Questions that Sharky gets a lot
A: There are two answers to that question. One is the Mother Nature version: Pilot fish are small fish that swim just ahead of sharks. When the shark changes direction, so do the pilot fish. When you watch underwater video of it, it looks like the idea to change direction occurred simultaneously to shark and pilot fish.
Thing is, sharks go pretty much anywhere they want, eating pretty much whatever they want. They lunge and tear and snatch, but in so doing, leave plenty of smorgasbord for the nimble pilot fish.
The IT version: A pilot fish is one of the workers. Not a honcho, not a shark.
The tricks for both kinds of pilot fish are finding a shark they can live with and staying out of range of its teeth. And to always stay alert and away from those tooth-packed jaws. A moment's inattention could end the pilot fish's career.
That's life at the reef.
A: Yes, as best we can determine.
A: From readers. Sharky just reads and rewrites and basks in the reflected glory of you, our readers. It is as that famous fish-friendly philosopher Spinoza said, "He that can carp in the most eloquent or acute manner at the weakness of the human mind is held by his fellows as almost divine."
A: Here's how it works. You send us your tale of perfidy, heroism or just plain weirdness at your IT shop. If Sharky selects it for publication, you get the shirt -- free and clear, no handling charges.
A: No. Not at all. Leave something for Sharky to do. Just be sure to give us details. What happened, to whom, what he said, what she said, how it all worked out.
A: We don't publish names: yours, your boss's, your trout's, your company's. We try to file off the serial numbers, though there's no absolute guarantee that someone who lived through the incident won't recognize himself.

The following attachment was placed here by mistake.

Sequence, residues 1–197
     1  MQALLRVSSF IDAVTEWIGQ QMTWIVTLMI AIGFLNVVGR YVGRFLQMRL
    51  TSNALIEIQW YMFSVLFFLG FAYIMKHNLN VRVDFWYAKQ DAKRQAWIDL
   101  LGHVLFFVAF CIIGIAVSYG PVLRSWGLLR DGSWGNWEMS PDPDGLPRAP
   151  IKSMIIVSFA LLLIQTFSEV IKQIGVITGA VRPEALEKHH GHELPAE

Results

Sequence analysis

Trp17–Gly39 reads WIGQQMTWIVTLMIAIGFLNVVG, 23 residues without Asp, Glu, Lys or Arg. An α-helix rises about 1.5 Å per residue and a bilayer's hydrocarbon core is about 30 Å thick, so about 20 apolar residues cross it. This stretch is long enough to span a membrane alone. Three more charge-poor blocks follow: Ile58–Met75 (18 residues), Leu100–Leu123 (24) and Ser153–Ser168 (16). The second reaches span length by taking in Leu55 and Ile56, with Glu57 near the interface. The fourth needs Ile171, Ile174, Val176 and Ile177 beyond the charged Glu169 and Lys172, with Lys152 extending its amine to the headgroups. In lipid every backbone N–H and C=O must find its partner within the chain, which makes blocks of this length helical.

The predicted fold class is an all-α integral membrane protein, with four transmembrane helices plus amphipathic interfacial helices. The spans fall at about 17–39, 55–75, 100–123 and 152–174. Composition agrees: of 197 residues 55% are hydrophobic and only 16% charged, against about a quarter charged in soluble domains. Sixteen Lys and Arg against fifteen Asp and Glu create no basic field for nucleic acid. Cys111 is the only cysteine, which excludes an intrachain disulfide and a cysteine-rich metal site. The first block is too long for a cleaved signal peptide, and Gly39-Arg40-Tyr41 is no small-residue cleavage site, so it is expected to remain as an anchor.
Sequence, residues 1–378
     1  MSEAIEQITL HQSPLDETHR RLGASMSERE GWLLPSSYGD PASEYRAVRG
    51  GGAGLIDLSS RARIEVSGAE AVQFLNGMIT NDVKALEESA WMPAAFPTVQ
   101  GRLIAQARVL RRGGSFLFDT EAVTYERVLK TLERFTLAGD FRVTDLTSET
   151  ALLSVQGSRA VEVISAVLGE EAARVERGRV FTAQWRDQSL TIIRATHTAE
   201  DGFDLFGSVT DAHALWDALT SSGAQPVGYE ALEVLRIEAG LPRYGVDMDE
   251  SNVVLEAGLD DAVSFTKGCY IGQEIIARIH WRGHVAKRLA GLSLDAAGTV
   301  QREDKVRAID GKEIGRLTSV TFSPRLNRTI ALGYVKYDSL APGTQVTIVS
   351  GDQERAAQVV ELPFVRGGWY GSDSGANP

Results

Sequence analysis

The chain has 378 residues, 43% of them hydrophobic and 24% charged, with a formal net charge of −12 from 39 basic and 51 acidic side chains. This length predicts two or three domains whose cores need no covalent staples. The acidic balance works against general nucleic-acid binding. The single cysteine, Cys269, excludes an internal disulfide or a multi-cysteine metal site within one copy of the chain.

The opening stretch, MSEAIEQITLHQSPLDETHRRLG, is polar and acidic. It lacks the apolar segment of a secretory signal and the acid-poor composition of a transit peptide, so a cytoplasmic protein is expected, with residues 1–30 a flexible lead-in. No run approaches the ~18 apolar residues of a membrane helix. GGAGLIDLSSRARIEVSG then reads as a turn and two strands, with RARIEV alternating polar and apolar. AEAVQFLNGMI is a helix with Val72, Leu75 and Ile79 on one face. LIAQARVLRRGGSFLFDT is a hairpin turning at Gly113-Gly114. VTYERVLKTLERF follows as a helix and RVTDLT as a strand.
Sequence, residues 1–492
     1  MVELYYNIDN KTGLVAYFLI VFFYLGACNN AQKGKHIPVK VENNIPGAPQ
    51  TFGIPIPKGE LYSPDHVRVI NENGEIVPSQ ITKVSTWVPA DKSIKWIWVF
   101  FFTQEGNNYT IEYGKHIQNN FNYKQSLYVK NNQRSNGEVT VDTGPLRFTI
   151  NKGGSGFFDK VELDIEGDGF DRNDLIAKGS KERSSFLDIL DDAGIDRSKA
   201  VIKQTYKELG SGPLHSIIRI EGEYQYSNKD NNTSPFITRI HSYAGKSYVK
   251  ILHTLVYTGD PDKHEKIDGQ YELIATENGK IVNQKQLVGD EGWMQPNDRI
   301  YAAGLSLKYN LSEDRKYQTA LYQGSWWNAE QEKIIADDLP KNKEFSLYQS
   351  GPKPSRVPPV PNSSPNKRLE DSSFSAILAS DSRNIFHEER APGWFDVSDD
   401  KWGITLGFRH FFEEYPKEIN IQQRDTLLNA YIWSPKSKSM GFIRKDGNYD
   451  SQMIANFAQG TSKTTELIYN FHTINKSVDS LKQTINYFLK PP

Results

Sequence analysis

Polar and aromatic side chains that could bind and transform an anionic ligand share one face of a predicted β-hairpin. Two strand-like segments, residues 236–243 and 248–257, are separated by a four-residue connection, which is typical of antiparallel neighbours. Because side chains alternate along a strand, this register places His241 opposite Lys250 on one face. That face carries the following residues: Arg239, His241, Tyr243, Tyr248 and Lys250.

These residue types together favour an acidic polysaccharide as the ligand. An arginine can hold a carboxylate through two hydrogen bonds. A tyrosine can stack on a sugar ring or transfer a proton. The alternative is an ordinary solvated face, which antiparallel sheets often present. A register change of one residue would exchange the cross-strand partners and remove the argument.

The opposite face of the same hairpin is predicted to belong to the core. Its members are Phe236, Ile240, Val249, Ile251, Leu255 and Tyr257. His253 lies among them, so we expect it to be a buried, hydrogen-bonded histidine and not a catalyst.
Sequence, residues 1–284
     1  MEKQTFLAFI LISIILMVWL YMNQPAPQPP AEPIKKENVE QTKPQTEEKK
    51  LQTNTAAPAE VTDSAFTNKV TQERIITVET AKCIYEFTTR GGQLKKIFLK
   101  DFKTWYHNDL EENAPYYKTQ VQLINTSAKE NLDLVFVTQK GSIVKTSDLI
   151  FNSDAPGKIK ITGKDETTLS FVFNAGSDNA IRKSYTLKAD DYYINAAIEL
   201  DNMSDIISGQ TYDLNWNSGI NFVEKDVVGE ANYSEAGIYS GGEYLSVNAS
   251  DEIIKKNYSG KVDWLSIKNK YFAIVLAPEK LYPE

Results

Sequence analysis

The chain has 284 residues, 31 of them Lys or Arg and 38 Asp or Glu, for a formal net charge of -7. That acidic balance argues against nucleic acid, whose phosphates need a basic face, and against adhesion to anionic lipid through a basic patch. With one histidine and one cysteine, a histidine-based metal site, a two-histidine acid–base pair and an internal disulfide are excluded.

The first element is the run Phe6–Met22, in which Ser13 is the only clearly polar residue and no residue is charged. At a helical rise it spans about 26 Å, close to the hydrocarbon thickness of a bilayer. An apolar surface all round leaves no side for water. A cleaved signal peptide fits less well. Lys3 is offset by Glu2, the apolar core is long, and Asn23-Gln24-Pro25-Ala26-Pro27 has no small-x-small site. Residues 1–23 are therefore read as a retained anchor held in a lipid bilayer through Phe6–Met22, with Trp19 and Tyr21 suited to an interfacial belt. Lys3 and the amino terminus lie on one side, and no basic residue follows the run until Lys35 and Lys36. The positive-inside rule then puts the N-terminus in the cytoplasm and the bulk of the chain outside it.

Our aim is to share the outrageous, knee-slapping, milk-squirting-out-your-nose funny tales that abound in the IT world, not to get you fired. That would not be funny.
A: Hey, hey, cut us a break. Just reading Sharky's voluminous mail to filter out the death threats and Ponzi scheme offers is practically a full-time job. And there are only a couple of us to serve all of Sharky's needs and wants. (You think your boss is demanding? Hah!)
Because most Shark Tank submissions don't include a full mailing address, we have to contact each pilot fish to get the address before sending out a T-shirt. That's done in batch mode, so it can take anywhere from a day to a few weeks. When things really get backed up, it can fall behind as much as a month or two.
But be assured: Sharky vows to forget no one!
Occasionally by the time your tale sees print, your e-mail address will have changed. If your e-mail address changed after you sent your contribution and you never got your shirt, let us know at firstname.lastname@example.org. We'll get right on it.
Easy. Subscribe to the newsletter.
Tales of old can be found in Sharky's archive.
At the manufacturing company where this pilot fish works, word comes down from the corporate IT communications department: Every plant needs to add a DSL connection to serve as a backup for its T1 or T3 line.
It's the 1980s, and this university instructor marches up to the computer center's help desk with a student in tow. The first words out of her mouth: "The computer doesn’t like this student."
CIO informs this sysadmin that a new remote office is slated to open in less than two months -- which is news to the sysadmin, who knows it will take 90 days to get the office connected to the corporate network.
These two software developers are constantly having trouble with their middleware configuration -- and this pilot fish is having trouble figuring out what planet they're from.
Flashback to the days before Y2k, when this systems engineer pilot fish is sent to a customer site -- and he can't come back until he's solved the problem there.
It's the 1990s, and this pilot fish is the IT director for an Internet service provider that gets desktop PCs from a local mom-and-pop business that provides first-rate service. Everybody's happy -- until a new Finance guy arrives.
The small computer repair shop run by this pilot fish is open for a few hours each Saturday -- complete with a sign on the front door with business hours and an electric Open sign. But is that enough?
It's 9 a.m. when a pilot fish at this manufacturing company gets the bad news: The switching for the network has crashed hard, and that means all the company's plants are about to go down.
At 10:45 a.m., pilot fish gets an email query from a user: Is there a reason I am not getting emails on my iPhone? And it doesn't appear it is syncing with my laptop. But fish has no idea what the problem is -- or time to deal with it.
Pilot fish has just been working at his first IT job for a couple months when he gets the call: It's his turn to provide tech support for a quarterly meeting of every executive in the company -- and he's praying that nothing goes wrong.